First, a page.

So with that strong demand for a better-than-Economy journey, might the airline introduce a more formal Premium Economy cabin? After all, that’s exactly what several of the major US carriers have done in recent years, including American Airlines, Delta Air Lines and United Airlines.

‘We’re not planning to introduce it on the 787,’ Mannis advises. ‘We’ve looked at the international Premium Economy that’s out there. It ends up being a relatively small cabin for the size of our market. And, you know, every transition between a different class of service involves partitions. It takes up real estate that we could otherwise use for seating.’

‘We haven’t wanted to introduce the complexity of another seat product on our aircraft,’ when Hawaiian Airlines already has Extra Comfort. ‘But certainly, as guest needs change or the competitive set continues to evolve, maybe that’s something we look at in the future.’

For a closer look inside Hawaiian Airlines’ new Boeing 787 cabin, watch this five-minute video, featuring Avi Mannis and other Hawaiian Airlines executives. Our article continues below.

The next big step: Hawaiian Airlines’ lounges

With Hawaiian Airlines elevating its inflight experience, what’s happening with its lounges on the ground? After all, in an exclusive Point Hacks interview back in August 2022, Mannis’ colleague Andrew Stanbury tipped that Hawaiian’s overall airport lounge offering was under review.

On that review, ‘we’re still working through it,’ Mannis updates. ‘One of the complexities of our business is we have people travelling on very, very short flights, and we have people travelling on some very, very long flights. There’s no one size fits all solution to that.’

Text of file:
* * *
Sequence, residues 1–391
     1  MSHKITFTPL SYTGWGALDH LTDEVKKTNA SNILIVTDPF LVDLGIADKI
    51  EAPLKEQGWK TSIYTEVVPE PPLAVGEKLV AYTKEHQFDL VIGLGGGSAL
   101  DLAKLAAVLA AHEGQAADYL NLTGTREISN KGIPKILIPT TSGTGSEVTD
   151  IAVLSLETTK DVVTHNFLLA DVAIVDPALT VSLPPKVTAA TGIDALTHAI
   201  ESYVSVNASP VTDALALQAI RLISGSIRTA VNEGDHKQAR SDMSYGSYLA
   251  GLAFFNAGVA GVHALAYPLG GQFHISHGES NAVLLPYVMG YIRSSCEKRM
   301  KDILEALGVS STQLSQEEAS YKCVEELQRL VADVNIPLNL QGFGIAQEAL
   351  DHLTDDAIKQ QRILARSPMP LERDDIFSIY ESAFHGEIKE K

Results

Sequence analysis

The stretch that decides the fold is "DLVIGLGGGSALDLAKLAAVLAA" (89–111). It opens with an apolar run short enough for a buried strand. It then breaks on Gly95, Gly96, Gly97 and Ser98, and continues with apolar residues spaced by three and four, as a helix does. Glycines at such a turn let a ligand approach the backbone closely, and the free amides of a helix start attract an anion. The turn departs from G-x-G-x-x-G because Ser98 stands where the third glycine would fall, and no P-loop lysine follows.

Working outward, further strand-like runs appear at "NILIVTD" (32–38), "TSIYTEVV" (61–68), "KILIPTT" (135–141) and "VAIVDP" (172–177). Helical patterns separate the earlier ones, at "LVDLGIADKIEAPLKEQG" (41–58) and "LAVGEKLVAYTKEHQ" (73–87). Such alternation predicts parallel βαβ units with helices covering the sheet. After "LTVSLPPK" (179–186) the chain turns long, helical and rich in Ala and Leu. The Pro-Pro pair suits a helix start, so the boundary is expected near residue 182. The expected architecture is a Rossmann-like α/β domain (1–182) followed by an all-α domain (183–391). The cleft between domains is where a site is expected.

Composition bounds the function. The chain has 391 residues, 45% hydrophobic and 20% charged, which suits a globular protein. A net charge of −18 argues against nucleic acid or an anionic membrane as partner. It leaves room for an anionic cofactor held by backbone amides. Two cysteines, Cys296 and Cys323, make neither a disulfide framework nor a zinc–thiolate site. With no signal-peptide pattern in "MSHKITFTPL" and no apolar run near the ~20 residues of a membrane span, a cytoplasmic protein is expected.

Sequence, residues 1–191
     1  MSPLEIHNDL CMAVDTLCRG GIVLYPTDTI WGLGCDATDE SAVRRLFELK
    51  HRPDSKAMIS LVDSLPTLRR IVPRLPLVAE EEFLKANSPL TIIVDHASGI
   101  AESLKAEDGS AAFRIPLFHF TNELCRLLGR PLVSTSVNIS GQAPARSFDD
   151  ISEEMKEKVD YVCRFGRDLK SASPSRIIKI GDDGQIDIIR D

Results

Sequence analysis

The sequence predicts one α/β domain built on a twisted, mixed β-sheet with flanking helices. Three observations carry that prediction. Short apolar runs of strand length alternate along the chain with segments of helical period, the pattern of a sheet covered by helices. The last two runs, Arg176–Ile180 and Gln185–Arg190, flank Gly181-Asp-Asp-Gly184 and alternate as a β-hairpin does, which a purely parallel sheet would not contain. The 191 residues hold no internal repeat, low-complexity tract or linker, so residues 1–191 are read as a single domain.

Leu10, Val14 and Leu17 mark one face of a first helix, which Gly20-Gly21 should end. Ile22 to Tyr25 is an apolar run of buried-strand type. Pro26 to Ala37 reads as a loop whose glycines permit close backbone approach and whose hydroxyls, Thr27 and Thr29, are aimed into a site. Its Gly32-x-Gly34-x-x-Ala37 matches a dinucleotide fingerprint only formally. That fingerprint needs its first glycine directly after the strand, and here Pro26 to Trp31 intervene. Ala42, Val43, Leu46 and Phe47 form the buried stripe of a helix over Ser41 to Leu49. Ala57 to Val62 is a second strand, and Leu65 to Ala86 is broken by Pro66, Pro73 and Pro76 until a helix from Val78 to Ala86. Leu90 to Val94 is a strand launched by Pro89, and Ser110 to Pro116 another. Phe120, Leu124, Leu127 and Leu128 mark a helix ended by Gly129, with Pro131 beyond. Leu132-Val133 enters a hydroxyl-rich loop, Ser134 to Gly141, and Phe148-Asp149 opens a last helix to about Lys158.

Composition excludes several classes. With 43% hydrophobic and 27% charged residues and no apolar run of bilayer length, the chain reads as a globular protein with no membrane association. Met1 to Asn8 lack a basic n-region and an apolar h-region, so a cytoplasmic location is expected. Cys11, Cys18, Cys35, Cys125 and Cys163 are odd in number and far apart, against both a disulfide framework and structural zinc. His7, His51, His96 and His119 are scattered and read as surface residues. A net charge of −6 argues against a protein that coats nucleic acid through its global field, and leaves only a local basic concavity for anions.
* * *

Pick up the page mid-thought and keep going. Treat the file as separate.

‘It’s already pretty complicated because we’ve got the Premier Clubs, which are small lounges that are really intended for our inter-island commuter travellers. We’ve (also) got The Plumeria Lounge in Honolulu.’

But, there could be something new on the way. ‘I think there’s room in our portfolio for a more flagship lounge product. But it’s something that we have to analyse carefully, and make sure that we’re not creating too much complexity in our product offering for a relatively small airline.’

Hawaiian Airlines is also assessing whether it can make its current lounges larger to satisfy increasing traveller numbers. ‘We’ve seen more demand for lounge access particularly as travel has come back after the pandemic,’ Mannis says. ‘We might look at whether we can either expand capacity or make more opportunities available for people to do things like use Priority Pass to access lounges.’

‘We have a lot of people who fly very regularly with us on a short flight and like the Premier Club as a place to stop in and get a cup of coffee. But given that they’re travelling on a 30-40 minute flight, they’re not going to spend an hour in the lounge with that full-service offering.’ It seems, it’s all a bit of a balancing act.

Hawaiian Airlines’ Virgin Australia partnership

Another item on Hawaiian Airlines’ agenda is looking at ways to further its partnership with Virgin Australia. But those plans were initially outlined last year, with no change yet.

‘Those conversations are still ongoing,’ Mannis acknowledges. ‘We’d very much like to find ways to deepen our relationship with our partners in international markets. Australia’s a great example of that.’ But it’s a challenge, ‘given how much bigger some of those loyalty programs are than our own.’